Extraction of Rare Earth Elements from Electronic Waste in an Eco-Friendly Manner

Because of rising industrial demand for neodymium, a rare earth metal needed to make magnets for electronic devices, the focus has shifted to recycling electronic trash (e-waste), such as abandoned computers and printed circuit boards.

This is a smart step because it not only aids in the recycling of e-waste, but it also addresses the scarcity of neodymium in nature.

Separating precious elements from other minerals and components contained in e-waste, on the other hand, is a difficult task. Due to the use of very acidic chemicals to extract the elements, current rare earth element recycling procedures are harmful to the environment.

So Penn State University researchers have devised a method for separating neodymium from paper, cotton, and pulp that employs nanotechnology.

Cellulose nanoparticles produced from cellulose fibrils bind to neodymium ions selectively, isolating them from other ions such as iron, calcium, and sodium. Negatively charged nanoparticles were used to attract the positively charged neodymium ions.

"The technique is effective in terms of removal capacity, selectivity, and speed," said Amir Sheikhi, a Penn State University assistant professor of chemical and biological engineering. "By carefully eliminating the element from certain of the studied contaminants, it may isolate neodymium in seconds."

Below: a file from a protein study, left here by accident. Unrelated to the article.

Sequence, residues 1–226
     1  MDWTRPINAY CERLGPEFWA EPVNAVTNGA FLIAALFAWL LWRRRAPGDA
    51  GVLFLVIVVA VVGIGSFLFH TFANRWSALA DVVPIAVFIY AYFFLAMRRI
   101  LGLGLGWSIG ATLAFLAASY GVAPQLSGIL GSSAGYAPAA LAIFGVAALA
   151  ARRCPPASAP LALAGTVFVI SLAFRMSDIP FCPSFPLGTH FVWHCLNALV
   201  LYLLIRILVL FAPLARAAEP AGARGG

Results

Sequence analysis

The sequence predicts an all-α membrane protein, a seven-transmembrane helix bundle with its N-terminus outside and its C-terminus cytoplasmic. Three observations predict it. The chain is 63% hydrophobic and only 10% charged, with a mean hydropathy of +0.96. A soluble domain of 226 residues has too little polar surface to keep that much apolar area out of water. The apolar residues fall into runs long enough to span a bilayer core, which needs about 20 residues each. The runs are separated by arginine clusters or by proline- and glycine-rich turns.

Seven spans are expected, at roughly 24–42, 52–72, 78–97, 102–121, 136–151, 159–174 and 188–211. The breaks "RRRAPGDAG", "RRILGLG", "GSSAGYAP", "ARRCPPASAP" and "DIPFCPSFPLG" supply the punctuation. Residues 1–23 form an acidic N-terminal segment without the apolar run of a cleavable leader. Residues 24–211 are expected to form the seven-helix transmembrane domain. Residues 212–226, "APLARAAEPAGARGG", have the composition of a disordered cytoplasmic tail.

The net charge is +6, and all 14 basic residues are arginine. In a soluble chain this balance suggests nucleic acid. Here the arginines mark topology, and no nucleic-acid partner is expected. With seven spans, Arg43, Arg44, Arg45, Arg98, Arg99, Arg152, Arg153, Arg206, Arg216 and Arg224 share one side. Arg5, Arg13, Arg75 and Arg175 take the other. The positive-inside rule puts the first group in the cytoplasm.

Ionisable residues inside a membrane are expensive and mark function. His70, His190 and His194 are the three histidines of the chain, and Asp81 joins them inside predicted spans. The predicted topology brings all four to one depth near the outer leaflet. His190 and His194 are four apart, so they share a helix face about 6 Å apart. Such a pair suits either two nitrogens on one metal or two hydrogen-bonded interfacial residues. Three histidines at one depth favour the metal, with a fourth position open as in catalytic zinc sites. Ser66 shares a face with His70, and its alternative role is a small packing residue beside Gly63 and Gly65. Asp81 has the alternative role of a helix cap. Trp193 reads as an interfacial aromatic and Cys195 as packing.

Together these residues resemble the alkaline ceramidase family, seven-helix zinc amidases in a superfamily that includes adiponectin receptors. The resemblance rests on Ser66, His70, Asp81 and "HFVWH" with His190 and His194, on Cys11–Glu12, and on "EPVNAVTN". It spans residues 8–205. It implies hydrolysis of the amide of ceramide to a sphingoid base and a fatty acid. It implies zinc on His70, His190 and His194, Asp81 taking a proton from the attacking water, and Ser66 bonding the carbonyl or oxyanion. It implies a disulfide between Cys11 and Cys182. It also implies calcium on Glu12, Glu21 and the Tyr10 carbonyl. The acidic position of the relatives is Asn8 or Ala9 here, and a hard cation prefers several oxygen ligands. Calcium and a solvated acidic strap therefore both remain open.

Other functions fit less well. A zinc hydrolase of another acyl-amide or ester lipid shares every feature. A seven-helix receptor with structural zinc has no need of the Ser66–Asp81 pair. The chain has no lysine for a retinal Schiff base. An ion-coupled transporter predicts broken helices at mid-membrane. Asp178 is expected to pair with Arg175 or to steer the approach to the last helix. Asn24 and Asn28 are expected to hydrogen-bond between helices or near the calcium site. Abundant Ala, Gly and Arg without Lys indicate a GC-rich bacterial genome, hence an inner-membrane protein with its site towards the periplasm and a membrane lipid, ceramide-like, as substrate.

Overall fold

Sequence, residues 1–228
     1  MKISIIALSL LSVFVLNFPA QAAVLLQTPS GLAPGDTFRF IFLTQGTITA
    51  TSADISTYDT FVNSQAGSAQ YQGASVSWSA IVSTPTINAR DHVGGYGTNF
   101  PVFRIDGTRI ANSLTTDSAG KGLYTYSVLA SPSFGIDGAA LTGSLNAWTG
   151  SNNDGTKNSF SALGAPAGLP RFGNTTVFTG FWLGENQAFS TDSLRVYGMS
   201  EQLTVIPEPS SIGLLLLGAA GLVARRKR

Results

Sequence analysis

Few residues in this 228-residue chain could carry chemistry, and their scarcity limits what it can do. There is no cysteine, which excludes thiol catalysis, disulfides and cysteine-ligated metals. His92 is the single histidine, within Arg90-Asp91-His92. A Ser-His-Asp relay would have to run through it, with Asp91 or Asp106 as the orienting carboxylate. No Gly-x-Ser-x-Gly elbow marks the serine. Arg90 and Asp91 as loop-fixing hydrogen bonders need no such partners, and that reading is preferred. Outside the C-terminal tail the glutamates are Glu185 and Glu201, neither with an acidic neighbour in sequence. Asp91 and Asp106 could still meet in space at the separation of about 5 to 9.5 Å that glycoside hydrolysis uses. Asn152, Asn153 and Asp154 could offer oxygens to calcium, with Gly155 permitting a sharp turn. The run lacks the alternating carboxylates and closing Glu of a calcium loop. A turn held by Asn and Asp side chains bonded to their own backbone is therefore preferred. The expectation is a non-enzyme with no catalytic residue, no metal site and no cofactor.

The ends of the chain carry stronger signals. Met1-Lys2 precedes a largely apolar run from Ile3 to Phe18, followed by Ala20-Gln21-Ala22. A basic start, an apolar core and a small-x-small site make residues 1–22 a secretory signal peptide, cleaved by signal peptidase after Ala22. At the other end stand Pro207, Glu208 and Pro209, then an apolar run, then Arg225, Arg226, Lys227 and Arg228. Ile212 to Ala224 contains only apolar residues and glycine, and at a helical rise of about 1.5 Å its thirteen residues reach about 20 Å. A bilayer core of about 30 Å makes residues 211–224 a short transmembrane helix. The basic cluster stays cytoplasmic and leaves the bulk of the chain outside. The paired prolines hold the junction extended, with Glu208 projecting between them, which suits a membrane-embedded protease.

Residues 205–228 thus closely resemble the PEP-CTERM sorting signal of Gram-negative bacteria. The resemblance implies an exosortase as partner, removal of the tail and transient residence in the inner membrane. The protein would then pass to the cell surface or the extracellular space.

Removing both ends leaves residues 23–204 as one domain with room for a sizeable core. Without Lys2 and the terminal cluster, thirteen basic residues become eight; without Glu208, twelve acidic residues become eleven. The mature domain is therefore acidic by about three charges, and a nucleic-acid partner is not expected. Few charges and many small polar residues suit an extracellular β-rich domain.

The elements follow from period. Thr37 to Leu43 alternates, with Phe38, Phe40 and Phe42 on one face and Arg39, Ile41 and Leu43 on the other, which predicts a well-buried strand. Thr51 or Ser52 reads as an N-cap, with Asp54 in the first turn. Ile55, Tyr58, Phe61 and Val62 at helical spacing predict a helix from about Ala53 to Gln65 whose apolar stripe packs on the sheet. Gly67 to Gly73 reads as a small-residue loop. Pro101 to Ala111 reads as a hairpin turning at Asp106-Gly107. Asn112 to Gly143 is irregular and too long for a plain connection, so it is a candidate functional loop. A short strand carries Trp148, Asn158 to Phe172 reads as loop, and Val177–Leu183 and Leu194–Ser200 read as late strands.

Because of the usage of cellulose, he claims, the technique is also sustainable, cost-effective, and environmentally benign, while minimising the negative effects of open-pit mining.

The researchers hope to employ a cellulose-based adsorption technique to recover rare earth elements such as neodymium from industrial wastewater, mining tailings, and unused permanent magnets in the future.

Sheikhi stated, "This contribution to rare earth recycling will have a strategic and economically viable impact on various businesses." "The more neodymium we recycle, the more electric and hybrid automobiles, as well as wind turbines, we can produce, putting less impact on the environment."